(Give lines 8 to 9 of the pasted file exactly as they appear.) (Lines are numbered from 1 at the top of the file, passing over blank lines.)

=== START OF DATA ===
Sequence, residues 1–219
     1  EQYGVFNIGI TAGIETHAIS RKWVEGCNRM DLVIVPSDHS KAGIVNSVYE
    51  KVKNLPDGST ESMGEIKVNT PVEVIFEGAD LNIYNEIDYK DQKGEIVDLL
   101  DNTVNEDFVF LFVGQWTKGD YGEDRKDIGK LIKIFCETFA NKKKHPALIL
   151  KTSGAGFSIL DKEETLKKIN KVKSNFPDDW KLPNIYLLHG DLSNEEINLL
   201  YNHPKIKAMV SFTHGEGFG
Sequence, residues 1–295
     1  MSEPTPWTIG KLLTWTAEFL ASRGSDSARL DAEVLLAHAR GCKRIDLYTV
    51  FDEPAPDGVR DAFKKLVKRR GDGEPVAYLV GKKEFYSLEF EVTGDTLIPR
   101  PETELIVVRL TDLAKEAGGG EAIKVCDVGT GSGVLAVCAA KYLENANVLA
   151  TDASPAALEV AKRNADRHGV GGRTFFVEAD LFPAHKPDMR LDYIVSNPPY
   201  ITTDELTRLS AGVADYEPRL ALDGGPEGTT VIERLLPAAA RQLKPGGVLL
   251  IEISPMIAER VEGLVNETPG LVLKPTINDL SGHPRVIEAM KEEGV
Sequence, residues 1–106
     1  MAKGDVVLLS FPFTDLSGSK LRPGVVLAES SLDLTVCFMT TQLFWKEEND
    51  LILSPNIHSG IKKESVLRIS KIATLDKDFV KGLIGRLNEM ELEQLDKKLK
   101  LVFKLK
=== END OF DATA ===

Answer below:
     1  MSEPTPWTIG KLLTWTAEFL ASRGSDSARL DAEVLLAHAR GCKRIDLYTV
    51  FDEPAPDGVR DAFKKLVKRR GDGEPVAYLV GKKEFYSLEF EVTGDTLIPR